Combining and Clipping Shapes

To clip a shape with part of another shape, combine shapes into a single object, and more.

To Intersect Two Shapes:


The Intersect command clips the bottom shape to the intersecting area of the top shape, resulting in a new shape. The new shape adopts the style of the (lower) object being intersected.

  1. Select two shapes to be intersected.
  2. Do one of the following:
  • Choose Graphic > Combine > Intersect from the main menu.
  • Click the Intersect icon on the toolbar.
  • Use the Shift-Command-I keyboard shortcut.

HINT: Unexpected results may occasionally occur, particularly when the edges of objects are exactly aligned and the algorithm to combine them gets confused. Hold the Option-key while using any of the ‘Combine’ commands to apply an alternate algorithm and obtain the expected results.

To Combine Shapes with Union:


Union unites two or more shapes into a single shape object. The new shape adopts the style of the top object in the selection.

  1. Select the shapes to be combined.
  2. Do one of the following:
  • Choose Graphic > Combine > Union from the main menu.
  • Click the Union icon on the toolbar.
  • Use the Shift-Command-U keyboard shortcut.

To Subtract Shapes With Difference:


Use Difference to subtract a portion of one shape (the top shape) from another (bottom) shape. The remaining shape maintains its original style.

  1. Select the two overlapping shapes to be subtracted from each other.
  2. Do one of the following:
  • Choose Graphic > Combine > Difference from the main menu.
  • Click the Difference icon on the toolbar.
  • Use the Shift-Command-D keyboard shortcut.

To Append Shapes Together:


Combining like objects into single shapes can make your drawing more efficient. The Append command combines multiple shapes into a single shape object, with overlapping areas excluded from the new shape. Objects do not need to overlap to be appended together. Append is also appropriate for open paths, whereas the other ‘Combine’ operations work only with closed paths. Using Union, Intersection or Difference with an open path produces undefined results (though Undo works to correct any unexpected outcomes).

The new shape adopts the style of the top object in the selection.

  1. Select two or more shapes to be appended.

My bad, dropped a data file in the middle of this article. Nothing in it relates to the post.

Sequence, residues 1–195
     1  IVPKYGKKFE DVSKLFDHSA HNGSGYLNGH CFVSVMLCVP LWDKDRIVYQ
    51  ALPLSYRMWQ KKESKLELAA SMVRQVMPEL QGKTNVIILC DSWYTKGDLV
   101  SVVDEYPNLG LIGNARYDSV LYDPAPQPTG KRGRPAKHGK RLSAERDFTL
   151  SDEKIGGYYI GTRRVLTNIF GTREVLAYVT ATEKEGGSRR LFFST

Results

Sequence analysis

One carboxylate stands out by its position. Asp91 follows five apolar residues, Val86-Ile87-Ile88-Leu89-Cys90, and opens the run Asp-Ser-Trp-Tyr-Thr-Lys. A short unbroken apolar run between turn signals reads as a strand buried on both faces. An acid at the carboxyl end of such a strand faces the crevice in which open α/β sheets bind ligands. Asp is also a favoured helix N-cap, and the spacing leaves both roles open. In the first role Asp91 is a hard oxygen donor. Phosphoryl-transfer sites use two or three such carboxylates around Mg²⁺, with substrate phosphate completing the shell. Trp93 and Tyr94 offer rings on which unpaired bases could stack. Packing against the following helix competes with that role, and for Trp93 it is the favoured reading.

2. Do one of the following:
  • Choose Graphic > Combine > Append from the main menu.
  • Click the Append icon on the toolbar.
  • Use the Shift-Command-M keyboard shortcut.

To Break Shapes Apart:


Objects that have been appended together may be broken apart into their separate components.

  1. Choose Graphic > Combine > Break Apart from the main menu.

To Use Cookie Cutter:


The Cookie Cutter is a valuable command for dividing shapes into separate objects. All selected shapes that are intersected by the “cutter” (the top selected shape) are sectioned using both intersection and difference operations. The cutter is removed and the remaining pieces left in place. The new shapes keep their original style or styles and any existing attribution information.

  1. Select the shapes to be intersected by the top cutter shape.
  2. Do one of the following:
  • Choose Graphic > Combine > Cookie Cutter from the main menu.
  • Alternatively, customize the toolbar by adding the Cookie Cutter icon to it for quick access.

How To Clip Images with Complex Objects

Artboard makes it easy to clip your images with complex vector objects. Draw any shape and use the Intersect command. Here’s how.

Tutorial Details

Program : Artboard 1.7+ for Mac OSX
Difficulty: Intermediate
Topics Covered: Image Browser and Intersect
Estimated Completion Time: about 15 minutes

Step 1 – Draw the Clipping Shape

Open the Image Browser and drag-and-drop from the Browser to your drawing canvas to place your image. Draw any shape – from a simple rounded rectangle to a complex outline of the area you want to clip. Here we’ve used the Bezier Path [b]tool to draw an outline around the girl in the picture. We used a simple red stroke with no fill to better see the outline as we traced over the picture.

Step 2 – Clip the Image

To clip the image with your shape, hold the Command-key and use the Select [s] tool to select both the image and the shape. Then click the Intersect icon on the Toolbar, or choose Graphic > Combine > Intersect from the main menu. Clipping images is non-destructive – an image that is clipped still has the original image hidden behind the clipped area, and the clipping path can be removed later as desired. Double-click the image to reposition it or scale it within its bounding box. An image effects panel is also displayed. If you want to remove the clipping path, right-click the image and choose “Remove Image clipping path” from the contextual menu.

Step 3 – Mask and Resample Image (optional)

An image with a clipping path can be permanently cropped to remove portions of the image that are hidden, thus reducing overall file size. Cropped images are resampled to the clipped area. To crop a clipped image, right-clicking the image and choose “Crop and resample image” from the contextual menu.

Final Image

Clipping images in Artboard is as easy as 1-2-3! We hope you enjoy the simplicity of how it works just like the Boolean operations with any vector objects.

Beautifully Preserved Boolean Vectors

When you combine shapes with Union, Intersect, Difference, and Append, Artboard 1.6+ now preserves the editable paths and curves. This makes these Boolean operations 10-times more useful.